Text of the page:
MELBOURNE (Reuters) - Stan Wawrinka was knocked out of the Australian Open by unheralded American Tennys Sandgren on Thursday as concerns over his knee injury re-surfaced in a 6-2 6-1 6-4 defeat.
While the result was a huge shock, it was clear from the outset that the Swiss 32-year-old, champion in Melbourne in 2014, was hampered in his movement.
Watching him grimace and clutch at his knee it was a surprise he even made it to the end of the match.
World number 97 Sandgren, who had won only one grand slam singles match compared to the three grand slam titles Wawrinka owns, produced a rock-solid display to claim the biggest scalp of his career, offering up only two break points.
The Tennessee native, named after his great grandfather rather than the sport, remained focussed throughout and sealed victory with his 11th ace.
Wawrinka had right knee surgery in August and Tuesday’s victory over Ricardas Berankis was his first match for six months, having only declared himself fit last weekend.
Despite clearly being way below 100 percent, 2014 champion Wawrinka remained positive.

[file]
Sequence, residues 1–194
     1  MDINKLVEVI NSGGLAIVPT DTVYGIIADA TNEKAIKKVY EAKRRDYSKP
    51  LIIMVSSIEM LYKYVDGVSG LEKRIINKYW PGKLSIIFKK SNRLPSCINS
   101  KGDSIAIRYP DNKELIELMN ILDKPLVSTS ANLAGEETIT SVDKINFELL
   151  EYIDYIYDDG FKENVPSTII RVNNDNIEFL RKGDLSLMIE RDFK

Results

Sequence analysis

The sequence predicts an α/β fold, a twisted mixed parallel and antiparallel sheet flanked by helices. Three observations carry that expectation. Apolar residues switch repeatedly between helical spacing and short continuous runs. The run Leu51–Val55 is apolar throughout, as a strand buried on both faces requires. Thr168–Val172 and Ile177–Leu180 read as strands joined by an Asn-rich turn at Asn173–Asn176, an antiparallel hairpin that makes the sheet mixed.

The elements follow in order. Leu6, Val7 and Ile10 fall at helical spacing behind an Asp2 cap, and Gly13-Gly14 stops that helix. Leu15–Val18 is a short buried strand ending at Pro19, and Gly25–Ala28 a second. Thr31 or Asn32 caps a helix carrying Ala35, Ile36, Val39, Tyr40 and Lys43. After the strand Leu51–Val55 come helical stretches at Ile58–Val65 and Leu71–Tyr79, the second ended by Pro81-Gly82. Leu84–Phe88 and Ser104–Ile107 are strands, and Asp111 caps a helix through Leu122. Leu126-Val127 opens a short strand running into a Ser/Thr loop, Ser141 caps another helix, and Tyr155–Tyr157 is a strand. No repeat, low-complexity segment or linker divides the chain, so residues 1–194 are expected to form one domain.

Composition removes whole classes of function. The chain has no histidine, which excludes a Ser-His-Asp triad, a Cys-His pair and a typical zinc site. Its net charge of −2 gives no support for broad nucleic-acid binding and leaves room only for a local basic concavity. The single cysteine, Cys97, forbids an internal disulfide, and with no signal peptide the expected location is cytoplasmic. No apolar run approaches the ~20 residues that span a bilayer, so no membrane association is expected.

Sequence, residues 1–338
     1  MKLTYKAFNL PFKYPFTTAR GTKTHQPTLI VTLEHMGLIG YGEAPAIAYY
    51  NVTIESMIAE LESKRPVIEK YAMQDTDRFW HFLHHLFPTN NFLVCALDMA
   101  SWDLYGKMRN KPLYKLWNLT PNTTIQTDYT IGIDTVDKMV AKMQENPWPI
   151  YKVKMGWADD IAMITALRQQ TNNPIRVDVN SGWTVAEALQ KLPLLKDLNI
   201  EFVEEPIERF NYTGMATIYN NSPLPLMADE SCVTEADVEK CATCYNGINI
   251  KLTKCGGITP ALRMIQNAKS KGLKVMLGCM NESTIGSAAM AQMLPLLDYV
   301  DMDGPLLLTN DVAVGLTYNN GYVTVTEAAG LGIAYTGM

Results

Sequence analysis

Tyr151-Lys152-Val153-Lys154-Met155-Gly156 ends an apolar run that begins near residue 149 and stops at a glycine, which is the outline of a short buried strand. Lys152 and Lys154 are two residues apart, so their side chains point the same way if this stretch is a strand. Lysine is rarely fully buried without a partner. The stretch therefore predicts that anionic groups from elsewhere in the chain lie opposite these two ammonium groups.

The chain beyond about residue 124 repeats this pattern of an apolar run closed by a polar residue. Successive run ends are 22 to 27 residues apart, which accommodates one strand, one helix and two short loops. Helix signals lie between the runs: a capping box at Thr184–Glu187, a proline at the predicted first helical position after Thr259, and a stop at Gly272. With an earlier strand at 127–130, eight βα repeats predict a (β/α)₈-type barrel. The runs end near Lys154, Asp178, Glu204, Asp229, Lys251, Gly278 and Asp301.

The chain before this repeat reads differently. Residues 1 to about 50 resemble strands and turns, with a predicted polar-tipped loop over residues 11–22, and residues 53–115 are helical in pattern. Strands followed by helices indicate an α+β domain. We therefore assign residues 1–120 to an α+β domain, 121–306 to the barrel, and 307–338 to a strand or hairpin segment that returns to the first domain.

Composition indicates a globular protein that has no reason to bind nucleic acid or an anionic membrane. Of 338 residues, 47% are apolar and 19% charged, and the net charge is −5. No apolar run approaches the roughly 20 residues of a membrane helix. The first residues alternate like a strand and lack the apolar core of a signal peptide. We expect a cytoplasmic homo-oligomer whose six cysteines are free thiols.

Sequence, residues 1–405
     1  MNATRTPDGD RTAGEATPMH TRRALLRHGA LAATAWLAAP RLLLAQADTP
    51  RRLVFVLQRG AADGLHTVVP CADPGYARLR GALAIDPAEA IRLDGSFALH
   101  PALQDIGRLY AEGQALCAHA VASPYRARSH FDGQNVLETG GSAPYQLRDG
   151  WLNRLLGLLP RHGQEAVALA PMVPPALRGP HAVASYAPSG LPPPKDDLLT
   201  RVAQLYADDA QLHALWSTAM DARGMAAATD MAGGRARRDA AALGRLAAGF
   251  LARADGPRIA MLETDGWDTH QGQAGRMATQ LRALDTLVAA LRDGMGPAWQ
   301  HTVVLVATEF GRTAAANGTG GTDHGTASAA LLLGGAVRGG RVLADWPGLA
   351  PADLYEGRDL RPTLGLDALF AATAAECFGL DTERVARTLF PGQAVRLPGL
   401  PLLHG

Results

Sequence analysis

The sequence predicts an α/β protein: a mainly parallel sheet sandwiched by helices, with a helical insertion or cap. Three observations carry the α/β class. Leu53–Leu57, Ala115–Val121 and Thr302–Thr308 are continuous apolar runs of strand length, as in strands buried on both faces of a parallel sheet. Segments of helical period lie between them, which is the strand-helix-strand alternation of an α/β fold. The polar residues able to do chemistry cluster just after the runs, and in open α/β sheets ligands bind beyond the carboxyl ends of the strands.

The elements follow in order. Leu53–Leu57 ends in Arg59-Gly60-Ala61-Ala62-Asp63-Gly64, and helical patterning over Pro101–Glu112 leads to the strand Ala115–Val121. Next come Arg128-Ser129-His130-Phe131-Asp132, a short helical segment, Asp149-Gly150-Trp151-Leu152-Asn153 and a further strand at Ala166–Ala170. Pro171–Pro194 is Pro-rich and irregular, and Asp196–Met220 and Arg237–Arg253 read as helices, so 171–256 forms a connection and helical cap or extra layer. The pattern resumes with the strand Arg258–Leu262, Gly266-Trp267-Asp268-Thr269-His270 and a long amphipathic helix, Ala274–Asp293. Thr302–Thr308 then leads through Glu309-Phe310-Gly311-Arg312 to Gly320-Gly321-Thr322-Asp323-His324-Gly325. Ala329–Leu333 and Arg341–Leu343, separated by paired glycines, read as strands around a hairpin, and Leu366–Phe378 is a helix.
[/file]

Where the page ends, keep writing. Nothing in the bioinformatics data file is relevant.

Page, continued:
“You don’t enjoy matches like that, that’s for sure. Never easy to feel that way on the court,” he said.
“But I need to be still positive. I think the last 12 days was more than what I could have dreamed coming here.
“Even today my knee was feeling way better than two days ago. If I look the big picture, I know it’s really positive.”
Sandgren, who needed career-saving hip surgery in 2013 and has spent his career on the Challenger and Futures tours, claimed his first grand slam singles win against Frenchman Jeremy Chardy in the first round.
Now, with world number 94 Maximilian Marterer of Germany next to play, he has a great chance to reach the fourth round and is already guaranteed his biggest pay cheque of A$142,500 (82,097.41 pounds) for reaching the third round.
Inevitably, the on-court interviewer could not resist calling his win a “good day for Tennys”.
“I was really happy to get my first grand slam win here, and now I’ve got my second. I’ll go for the third one and give my best,” he said. “I was definitely aptly named.
“It was my great-grandfather’s name. I had to be at least half decent at the sport. I think I’ve done that.”
Reporting by Martyn Herman; Editing by Pritha Sarkar